As anyone who ever goes to the cinema knows, the critics don’t know they’re born. The troglodytic life of film critics – moving from darkened preview theatre to darkened bar before dashing off a few darkly cynical words, never meeting any human beings – ensures they lose touch with reality faster than in any other critical field. Those people – 98 per cent of them men – are all in some way damaged. As children they all pulled wings off flies and sneaked on their classmates to teacher.
A film is one of the most designed things on earth. Designed sometimes on a bewildering number of levels. Not for nothing do architects such as Jean Nouvel and Rem Koolhaas point to film as a potent inspiration in their work. The best designers and the best directors see the world in the same way: as being capable of extraordinary and fertile modifications. The rural/suburban world of late French director/actor Jacques Tati, for instance, was as supremely architectural as anything on earth or in space by Ridley Scott.
All this was more than usually apparent when I went to see Shakespeare in Love. Most of the screenplay is by Tom Stoppard, the Shakespearian set comes courtesy of Shepperton Studios, and the love interest is provided by goggle-eyed Joseph Fiennes and swan-necked Gwyneth Paltrow. The critics didn’t know what to make of it. Was it an old-fashioned romance? Was Paltrow the new Audrey Hepburn? Was it an affront to Shakespeare? Was it too clever by half? Mostly they gave it three marks out of five and moved on to something their troglodytic minds could grasp more easily, such as Warren Beatty in Bulworth.
What most of them managed to overlook – as is often the case with Stoppard – was that the film is a broad, knockabout comedy. This is an intellectual’s triumphant attempt at Carry on Shakespeare. Stoppard, for instance, makes the younger playwright John Webster into a violence-obsessed teenager over-fond of torturing rats. This will mean little to anyone without a passing knowledge of Webster’s The White Devil or The Duchess of Malfi. The last play by Shakespeare this cinematic Webster admits to liking is gory Titus Andronicus. The only bit of Romeo and Juliet he gets off on is where Juliet finally stabs herself to death.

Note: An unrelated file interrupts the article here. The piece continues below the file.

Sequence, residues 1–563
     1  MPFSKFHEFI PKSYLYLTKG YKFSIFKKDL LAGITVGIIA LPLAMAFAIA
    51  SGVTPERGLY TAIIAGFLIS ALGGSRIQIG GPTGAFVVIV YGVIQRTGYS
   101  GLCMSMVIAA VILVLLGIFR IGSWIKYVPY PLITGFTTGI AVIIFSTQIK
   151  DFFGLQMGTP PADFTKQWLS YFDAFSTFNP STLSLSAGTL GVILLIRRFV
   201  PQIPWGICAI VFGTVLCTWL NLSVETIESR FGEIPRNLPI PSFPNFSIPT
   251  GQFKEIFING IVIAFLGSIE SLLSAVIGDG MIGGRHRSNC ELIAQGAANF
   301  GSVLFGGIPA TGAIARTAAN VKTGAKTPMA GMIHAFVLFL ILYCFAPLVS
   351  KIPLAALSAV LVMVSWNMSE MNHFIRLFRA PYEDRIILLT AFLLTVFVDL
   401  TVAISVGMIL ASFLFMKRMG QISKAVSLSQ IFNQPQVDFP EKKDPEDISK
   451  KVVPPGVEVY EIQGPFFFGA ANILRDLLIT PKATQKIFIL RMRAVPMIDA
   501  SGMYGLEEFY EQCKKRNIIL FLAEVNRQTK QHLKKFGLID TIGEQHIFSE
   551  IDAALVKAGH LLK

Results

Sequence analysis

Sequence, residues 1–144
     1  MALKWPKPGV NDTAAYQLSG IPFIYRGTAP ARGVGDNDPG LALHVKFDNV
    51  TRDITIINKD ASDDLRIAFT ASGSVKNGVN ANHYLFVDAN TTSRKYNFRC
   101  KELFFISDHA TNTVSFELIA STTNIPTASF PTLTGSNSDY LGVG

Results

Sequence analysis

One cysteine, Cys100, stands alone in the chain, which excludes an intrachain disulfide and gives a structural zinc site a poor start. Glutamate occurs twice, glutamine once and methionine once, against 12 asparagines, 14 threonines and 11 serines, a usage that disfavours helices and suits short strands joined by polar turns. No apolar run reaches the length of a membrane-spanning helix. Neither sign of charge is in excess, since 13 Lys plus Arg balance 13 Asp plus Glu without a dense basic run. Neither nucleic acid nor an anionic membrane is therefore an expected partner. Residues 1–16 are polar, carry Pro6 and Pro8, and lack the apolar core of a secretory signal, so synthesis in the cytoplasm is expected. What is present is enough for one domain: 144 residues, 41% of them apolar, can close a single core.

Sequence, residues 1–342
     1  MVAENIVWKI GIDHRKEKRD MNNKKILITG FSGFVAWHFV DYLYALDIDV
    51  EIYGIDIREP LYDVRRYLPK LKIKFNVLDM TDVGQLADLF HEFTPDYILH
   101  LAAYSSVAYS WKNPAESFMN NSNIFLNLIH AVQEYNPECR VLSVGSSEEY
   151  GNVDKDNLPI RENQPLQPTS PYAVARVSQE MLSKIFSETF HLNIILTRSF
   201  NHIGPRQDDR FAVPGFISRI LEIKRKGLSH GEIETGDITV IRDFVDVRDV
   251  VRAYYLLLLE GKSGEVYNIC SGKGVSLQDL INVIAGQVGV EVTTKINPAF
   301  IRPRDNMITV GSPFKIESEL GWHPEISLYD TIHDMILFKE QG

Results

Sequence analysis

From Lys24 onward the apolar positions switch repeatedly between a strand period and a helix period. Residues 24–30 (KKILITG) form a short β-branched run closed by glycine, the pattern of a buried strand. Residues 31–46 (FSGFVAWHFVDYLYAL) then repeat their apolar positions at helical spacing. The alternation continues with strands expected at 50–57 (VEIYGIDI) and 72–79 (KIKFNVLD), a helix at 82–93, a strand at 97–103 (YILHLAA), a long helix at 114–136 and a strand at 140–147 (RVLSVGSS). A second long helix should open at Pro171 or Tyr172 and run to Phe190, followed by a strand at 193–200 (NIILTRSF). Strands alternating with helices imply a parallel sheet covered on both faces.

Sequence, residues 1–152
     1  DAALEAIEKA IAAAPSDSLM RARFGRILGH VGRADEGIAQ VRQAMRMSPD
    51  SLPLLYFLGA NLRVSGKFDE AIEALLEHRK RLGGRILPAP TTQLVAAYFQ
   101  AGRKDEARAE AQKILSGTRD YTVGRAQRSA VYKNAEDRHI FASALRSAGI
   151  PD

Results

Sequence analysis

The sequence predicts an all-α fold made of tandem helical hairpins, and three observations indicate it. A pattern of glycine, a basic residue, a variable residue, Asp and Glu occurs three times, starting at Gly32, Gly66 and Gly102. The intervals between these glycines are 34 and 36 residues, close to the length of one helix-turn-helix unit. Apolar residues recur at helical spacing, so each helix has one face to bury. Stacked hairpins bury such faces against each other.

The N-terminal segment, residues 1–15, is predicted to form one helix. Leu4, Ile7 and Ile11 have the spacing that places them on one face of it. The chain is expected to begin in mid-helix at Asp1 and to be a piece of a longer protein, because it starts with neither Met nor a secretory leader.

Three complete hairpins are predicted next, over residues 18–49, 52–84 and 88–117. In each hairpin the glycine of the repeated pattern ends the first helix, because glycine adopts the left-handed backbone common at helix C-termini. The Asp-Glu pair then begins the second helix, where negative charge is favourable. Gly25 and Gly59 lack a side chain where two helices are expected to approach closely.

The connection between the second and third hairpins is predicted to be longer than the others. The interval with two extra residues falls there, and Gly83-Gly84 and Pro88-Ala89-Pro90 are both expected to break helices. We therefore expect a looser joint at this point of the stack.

As Stoppard’s Shakespeare says to fellow playwright Christopher Marlowe, “I love your early work”. Such deliberate anachronisms echo Shakespeare’s own celebrated anachronisms – clocks and spectacles in pre-Roman Britain, for instance.
Typically with Stoppard, none of his witticisms are essential to the overall structure – but they accumulate, they give the thing a shape. As with his stage plays, you sit there bombarded by sly references, puns and allusions. To get them all, you have to read the texts. But you don’t have to get them all – just know that they’re there, part of the overall design.
Designers ought to recognise and sympathise with Stoppard’s craft. It’s dazzling, it’s layered, it builds openly upon received ideas and the work of others, but it nonetheless presents a strong individual identity. Stoppard has been hacking Shakespeare about for all his career – as have other playwrights and poets, from Oscar Wilde to AE Housman – but the end result is always unmistakably Stoppard. One or two of the critics – most notably the wise and lovely Germaine Greer, whose discipline is literature rather than film – pointed out what ought to be obvious even to the blind and illiterate, that this was only what Shakespeare himself did.
We all know what Shakespeare meant when he described the theatre as a separate, independent world. It has to be – it wouldn’t work otherwise. Stoppard, a supremely theatrical writer, has somehow managed to transfer this feeling to film. This is at least partly because the actors found his creation, in all its artificiality, wholly believable. Confined to the Shepperton Studios complex for a whole summer, they became that troupe of wise-cracking, incestuous actors. Dame Judi Dench (as Queen Elizabeth I) loved it so much she bought the entire Rose Theatre set and now wonders what to do with it.
I like the sound of this because what it comes down to is that – in this rare instance – the writer is the chief designer. Stoppard’s piece of hokum makes possible a real fragment of society. It’s outrageous, but it’s credible. It’s camp high comedy, but you weep. It’s only a brand image, yet few people can make us suspend our disbelief so readily. Of course, few film critics – even those who decide it must be clever, so they ought to recommend it – understand what the hell is going on. That’s their loss, not ours.